As we walked through the encampment in Matamoros, Mexico, I noticed a makeshift cafe constructed with assorted poles and blankets printed with the word "hope."
Inside the cafe, a woman stood at a stove surrounded by an eclectic array of kitchenware, cooking arepas, a typical South-American food of ground maize dough stuffed with a filling. A meat broth stewed in a separate pot, enveloping the air in an aroma of spices and heat, instantly comforting me. When iACT’s Global Program Manager Felicia Lee and I approached her, the woman introduced herself as Maria and eagerly shared her story.
Maria traveled primarily by foot from Venezuela to the US-Mexico border, crossing nearly 3,000 miles of harsh terrain before settling at the Matamoros encampment. Like millions of others in the past decade, Maria and her family fled Venezuela due to severe economic and political instability. She noted how she could hardly earn a living wage to survive in her hometown, and eventually, the lack of security pushed her and her family north. She now awaits an appointment to cross the border alongside her teenage son, niece, and her niece's two young children.
Upon arriving at Matamoros, with the help of her son and niece, Maria gathered whatever extra cash and donations she could scavenge to assemble a basic kitchen. The blankets she used as the walls of the cafe had been donations from a humanitarian NGO that had previously visited the encampment in the weeks prior. When we asked Maria what had prompted her to open a cafe, she explained how she had run fast-food restaurants in Venezuela for many years, so opening one in the encampment only felt natural. And, more importantly, she added:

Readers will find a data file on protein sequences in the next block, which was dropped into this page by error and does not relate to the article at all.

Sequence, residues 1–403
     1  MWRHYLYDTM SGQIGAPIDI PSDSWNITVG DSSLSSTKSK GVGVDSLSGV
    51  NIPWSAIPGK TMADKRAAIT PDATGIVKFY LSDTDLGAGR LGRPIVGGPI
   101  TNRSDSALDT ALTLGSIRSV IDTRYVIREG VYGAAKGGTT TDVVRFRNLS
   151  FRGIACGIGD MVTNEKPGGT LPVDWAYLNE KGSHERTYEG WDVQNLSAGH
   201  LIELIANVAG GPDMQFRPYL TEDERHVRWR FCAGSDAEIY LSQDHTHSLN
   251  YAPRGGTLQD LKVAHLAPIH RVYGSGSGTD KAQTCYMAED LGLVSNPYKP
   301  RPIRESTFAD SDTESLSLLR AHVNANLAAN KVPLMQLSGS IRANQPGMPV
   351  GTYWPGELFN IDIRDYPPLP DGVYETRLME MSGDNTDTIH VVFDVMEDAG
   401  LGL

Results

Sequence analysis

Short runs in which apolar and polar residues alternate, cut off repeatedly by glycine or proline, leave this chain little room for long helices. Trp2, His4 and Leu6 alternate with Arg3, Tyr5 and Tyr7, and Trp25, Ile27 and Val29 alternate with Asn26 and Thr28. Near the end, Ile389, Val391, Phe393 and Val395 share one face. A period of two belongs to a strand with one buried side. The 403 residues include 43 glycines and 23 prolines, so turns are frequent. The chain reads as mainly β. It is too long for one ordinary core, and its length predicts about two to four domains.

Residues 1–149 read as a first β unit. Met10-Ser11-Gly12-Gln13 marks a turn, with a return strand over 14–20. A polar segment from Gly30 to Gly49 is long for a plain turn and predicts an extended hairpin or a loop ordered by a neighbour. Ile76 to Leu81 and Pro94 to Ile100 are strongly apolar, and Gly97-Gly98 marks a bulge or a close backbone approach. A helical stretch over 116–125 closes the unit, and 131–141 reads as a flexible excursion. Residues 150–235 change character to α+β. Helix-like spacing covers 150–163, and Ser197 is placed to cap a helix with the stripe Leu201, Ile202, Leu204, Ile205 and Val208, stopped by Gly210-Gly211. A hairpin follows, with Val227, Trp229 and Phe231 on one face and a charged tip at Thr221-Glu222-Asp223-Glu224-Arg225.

"Me da un propósito." It gives me a purpose.
With the regulations to cross the border constantly evolving, days may quickly become weeks or months before she and her family can get an appointment with Customs and Border Protection (CBP). Maria emphasized that maintaining her sense of self and purpose allowed her the energy to keep going, even in the bleakest of situations. Within the encampment, that meant cooking - not only for her family but also for the surrounding community of migrants.
What stood out to me the most about Maria throughout our conversation was her positive spirit, her smile an inviting contradiction to our harsh surroundings. When I asked her how she remained so joyful, her smile grew wider as she pointed to the blankets surrounding the cafe: "Esperanza."
*Maria's name was changed for her privacy and safety.